Levin, Stephen M.

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Kenneth Snelson’s Needle Tower inspired Dr. Stephen M Levin to re-envision biologic structure through the tensegrity model. Levin reasoned that the human structure must constitute a living tensegrity. Since living beings exist both in a continuum of development and a continuum of evolution, tensegrity would have to be found throughout all biological life: biotensegrity.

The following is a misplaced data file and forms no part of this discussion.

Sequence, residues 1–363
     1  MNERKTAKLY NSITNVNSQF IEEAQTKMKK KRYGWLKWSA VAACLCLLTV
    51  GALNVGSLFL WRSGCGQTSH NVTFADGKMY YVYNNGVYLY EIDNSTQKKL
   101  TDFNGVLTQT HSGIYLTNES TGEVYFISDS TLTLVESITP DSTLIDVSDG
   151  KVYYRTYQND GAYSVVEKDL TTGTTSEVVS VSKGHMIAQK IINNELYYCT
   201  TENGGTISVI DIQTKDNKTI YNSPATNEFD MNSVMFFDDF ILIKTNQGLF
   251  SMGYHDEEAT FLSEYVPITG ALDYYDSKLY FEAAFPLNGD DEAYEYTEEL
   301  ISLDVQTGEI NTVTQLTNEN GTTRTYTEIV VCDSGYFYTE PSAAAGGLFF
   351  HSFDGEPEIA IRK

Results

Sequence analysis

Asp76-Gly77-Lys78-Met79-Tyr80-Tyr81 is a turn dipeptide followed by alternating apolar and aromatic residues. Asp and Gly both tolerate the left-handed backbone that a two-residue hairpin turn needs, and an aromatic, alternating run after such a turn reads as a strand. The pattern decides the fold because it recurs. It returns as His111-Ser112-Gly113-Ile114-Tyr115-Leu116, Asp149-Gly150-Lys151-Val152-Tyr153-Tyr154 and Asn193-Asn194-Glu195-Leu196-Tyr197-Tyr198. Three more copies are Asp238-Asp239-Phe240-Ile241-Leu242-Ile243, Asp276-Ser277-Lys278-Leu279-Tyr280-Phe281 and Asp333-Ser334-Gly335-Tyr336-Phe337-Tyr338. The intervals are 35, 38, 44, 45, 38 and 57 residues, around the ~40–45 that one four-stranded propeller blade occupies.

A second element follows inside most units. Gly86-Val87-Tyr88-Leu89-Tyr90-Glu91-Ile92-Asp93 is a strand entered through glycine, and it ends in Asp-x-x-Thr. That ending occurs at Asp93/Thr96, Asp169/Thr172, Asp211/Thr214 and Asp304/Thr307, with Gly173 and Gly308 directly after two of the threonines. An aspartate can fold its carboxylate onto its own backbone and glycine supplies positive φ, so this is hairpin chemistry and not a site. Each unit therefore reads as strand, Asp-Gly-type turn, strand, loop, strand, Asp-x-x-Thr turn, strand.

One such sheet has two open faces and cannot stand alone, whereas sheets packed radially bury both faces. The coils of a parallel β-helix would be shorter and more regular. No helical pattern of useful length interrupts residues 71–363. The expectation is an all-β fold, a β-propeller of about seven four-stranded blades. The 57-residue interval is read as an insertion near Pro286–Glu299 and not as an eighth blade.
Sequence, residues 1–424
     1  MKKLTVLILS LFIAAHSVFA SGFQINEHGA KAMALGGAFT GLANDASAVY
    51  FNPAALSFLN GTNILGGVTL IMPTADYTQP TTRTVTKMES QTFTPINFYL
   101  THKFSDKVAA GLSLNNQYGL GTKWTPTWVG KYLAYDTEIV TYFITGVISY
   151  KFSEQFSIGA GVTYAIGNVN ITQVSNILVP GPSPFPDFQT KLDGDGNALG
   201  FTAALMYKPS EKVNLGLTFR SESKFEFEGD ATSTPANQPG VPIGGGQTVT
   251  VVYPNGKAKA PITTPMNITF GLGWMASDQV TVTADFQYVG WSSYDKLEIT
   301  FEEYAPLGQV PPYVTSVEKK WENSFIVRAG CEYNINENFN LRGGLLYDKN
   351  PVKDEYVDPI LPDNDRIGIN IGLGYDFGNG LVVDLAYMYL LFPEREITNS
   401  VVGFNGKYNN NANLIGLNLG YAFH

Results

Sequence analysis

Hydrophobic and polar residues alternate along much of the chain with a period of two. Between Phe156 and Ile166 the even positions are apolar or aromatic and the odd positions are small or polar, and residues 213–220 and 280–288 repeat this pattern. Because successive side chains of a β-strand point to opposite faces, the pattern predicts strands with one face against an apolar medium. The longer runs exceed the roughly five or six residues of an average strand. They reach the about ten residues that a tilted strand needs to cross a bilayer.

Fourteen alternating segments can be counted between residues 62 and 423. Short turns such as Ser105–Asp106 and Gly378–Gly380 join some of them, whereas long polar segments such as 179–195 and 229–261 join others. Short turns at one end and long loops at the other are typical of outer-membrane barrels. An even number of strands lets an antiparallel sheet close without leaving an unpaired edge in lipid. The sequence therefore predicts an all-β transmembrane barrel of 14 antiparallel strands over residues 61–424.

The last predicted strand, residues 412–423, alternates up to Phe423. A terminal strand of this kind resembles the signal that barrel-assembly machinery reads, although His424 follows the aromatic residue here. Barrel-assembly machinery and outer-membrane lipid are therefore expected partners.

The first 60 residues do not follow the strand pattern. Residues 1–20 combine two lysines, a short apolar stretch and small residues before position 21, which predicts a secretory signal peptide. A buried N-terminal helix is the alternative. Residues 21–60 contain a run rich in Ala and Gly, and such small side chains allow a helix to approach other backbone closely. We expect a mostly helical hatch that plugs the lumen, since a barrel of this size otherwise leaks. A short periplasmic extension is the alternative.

In his development of the concept of biotensegrity, Levin found everything he could on tensegrity itself, as well as how it might relate to living organisms. He contacted Snelson directly, began to build his own models, and shared his insight with peers. He presented his theory of tensegrity as a biomechanical model for supporting the body in an address before the North American Academy of Manipulative Medicine in 1980. At the 34th Annual Conference on Engineering in Medicine and Biology held in Houston, Texas in 1981, Levin presented The Icosahedron as a Biological Support System, which was published in the Proceedings. An early presentation for Physical Medicine and Rehabilitation personnel at Alexandria Hospital in Virginia connected Levin with Dr Francis Wenger. Wenger told Levin that Ida Rolf, with whom Wenger had trained, also saw tensegrity as a key to understanding the body’s mechanics. This led to Levin contributing an article to the Rolfing journal (Continuous tension, discontinuous compression. A model for biomechanical support of the body) in 1982.